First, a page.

They are supplemented by the Court’s interpretation of Decision 2006/928 and the benchmarks set out in the Annex thereto, which must take due account, in accordance with the principle of sincere cooperation laid down in Article 4(3) TEU, of the reports drawn up by the Commission on the basis of Decision 2006/928, in particular of the recommendations made in those reports. The CVM Report of June 2021 reiterates the CVM recommendation from 2018: “The immediate appointment, by the Superior Council of Magistracy, of the interim management team of the Judicial Inspection and the appointment, within three months by competition, of a new leadership of the Judicial Inspection”. Furthermore, the latter report specifies the following: “In recent years, judicial institutions, including the SCM, have highlighted concerns about the lack of accountability of the Judicial Inspection, mentioning the high proportion of files submitted to the inspection court, ultimately rejected in court, the concentration of all decision-making processes within the powers of the Chief Inspector and the limits of the supervisory powers of the SCM. More generally, these developments raised questions as to the extent to which the new provisions of the justice laws on the appointment and accountability of the management of the Judicial Inspection provide sufficient guarantees and ensure the right balance between judges, prosecutors and the SCM. (…) These concerns included the recurrence of disciplinary proceedings against judges and prosecutors publicly opposed to the directorate followed by judicial reform and press releases – which were then used by politicians to attack judicial institutions – and the extension of the government’s mandate. These structural concerns have not yet been remedied, including in the light of the recent CJEU ruling (pp. 18-19 of the report).”
In the same register, the High Court of Cassation and Justice – Criminal Section, by Judgment No 359 of 15 June 2021, held the following: “The CVM reports, drawn up on the basis of Decision 2006/928, by virtue of their content and effects, as established by the judgment of the Court of Justice of 18 May 2021, do not constitute rules of EU law which a court should apply as a matter of priority by disregarding the national rule. Thus, the national judge cannot be placed in a position to decide on the priority application of recommendations to the detriment of the national legislation, declared in accordance with the national Constitution by the Constitutional Court of Romania, since the CVM reports do not regulate, so they are not likely to enter into a conflict with the national legislation”.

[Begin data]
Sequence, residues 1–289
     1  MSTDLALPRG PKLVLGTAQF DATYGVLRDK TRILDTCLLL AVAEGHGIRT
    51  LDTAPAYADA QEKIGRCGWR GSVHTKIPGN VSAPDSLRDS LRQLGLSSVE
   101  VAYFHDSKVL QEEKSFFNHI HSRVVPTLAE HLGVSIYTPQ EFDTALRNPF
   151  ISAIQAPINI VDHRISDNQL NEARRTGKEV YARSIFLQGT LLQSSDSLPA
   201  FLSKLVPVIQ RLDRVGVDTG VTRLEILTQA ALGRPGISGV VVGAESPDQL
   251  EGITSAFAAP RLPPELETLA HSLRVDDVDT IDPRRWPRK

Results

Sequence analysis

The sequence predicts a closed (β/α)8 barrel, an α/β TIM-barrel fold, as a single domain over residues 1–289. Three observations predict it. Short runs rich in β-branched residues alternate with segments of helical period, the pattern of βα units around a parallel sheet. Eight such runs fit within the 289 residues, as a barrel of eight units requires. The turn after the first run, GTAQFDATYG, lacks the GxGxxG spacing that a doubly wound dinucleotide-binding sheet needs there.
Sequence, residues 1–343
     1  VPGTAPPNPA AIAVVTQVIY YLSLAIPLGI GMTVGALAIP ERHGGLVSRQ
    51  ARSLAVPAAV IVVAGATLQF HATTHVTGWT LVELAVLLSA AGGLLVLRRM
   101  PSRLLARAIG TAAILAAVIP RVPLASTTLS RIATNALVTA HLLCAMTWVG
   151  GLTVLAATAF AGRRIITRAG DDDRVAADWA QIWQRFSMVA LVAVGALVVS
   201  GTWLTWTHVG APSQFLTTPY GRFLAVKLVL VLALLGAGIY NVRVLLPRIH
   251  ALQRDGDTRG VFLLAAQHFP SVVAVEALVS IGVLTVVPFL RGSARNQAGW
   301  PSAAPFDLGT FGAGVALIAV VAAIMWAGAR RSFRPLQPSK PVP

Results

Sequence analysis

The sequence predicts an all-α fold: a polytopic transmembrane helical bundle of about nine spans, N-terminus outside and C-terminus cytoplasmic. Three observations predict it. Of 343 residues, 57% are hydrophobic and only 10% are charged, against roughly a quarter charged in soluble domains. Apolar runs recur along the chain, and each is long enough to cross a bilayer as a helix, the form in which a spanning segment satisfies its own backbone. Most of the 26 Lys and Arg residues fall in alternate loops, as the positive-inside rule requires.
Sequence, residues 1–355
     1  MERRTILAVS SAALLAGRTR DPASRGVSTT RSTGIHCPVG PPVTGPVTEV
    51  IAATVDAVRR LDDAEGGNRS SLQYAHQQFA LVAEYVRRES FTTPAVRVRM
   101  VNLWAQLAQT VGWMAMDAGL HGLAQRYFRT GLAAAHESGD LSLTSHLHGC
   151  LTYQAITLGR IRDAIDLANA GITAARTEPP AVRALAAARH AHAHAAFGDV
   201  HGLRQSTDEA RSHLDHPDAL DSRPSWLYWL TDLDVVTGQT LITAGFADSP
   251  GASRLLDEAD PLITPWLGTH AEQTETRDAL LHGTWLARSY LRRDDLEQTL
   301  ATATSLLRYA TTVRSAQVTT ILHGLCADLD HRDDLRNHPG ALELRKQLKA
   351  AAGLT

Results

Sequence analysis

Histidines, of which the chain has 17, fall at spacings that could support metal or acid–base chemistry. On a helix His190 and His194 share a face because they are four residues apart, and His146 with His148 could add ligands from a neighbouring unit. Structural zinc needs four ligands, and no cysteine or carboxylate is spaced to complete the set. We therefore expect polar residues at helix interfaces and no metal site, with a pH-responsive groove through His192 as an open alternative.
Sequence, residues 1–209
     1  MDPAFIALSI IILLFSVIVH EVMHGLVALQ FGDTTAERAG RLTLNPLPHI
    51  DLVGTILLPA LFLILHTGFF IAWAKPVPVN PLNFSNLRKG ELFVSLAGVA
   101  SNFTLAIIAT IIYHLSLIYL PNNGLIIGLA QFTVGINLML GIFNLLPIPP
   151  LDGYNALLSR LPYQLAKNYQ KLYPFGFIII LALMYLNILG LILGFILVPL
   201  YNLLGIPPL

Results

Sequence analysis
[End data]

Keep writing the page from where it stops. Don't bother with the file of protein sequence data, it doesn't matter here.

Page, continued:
The High Court of Cassation and Justice – Criminal Section, by its Judgment of 8 September 2021, stated that the Decision No 390/2021 of Constitutional Court of Romania has priority and “the issues identified and analysed by the Judgment of the Court of Justice of 18 May 2021 are not binding on the ordinary courts, since other State bodies are empowered to cooperate with a political institution of the European Union in order to achieve the benchmarks set out in the Annex to Decision 2006/928, and the lack of substantive jurisdiction of the prosecuting body cannot be established by reference to the existence, in the active substance of the legislation, of rules which precisely lay down the jurisdiction of the prosecuting body”.
In addition, the High Court of Cassation and Justice – Criminal Section, by Judgment No 450 of 14 September 2021, found the following: “(…) the present criminal case has an essentially different object from those in which it was made the referral to the Court of Justice for a preliminary ruling of 18 May 2021, cases which were mostly civil, as it is apparent from the grounds of the judgment of the ECJ. The two main criminal disputes in which the courts referred the same preliminary ruling to the Court of Justice (Cases C-195/19 and C-291/19) had a different subject-matter, both of which are based on Article 340 et seq. Code of criminal procedure and thus entailing an unavoidable review of the legality and merits of the prosecution acts carried out by the public prosecutor.”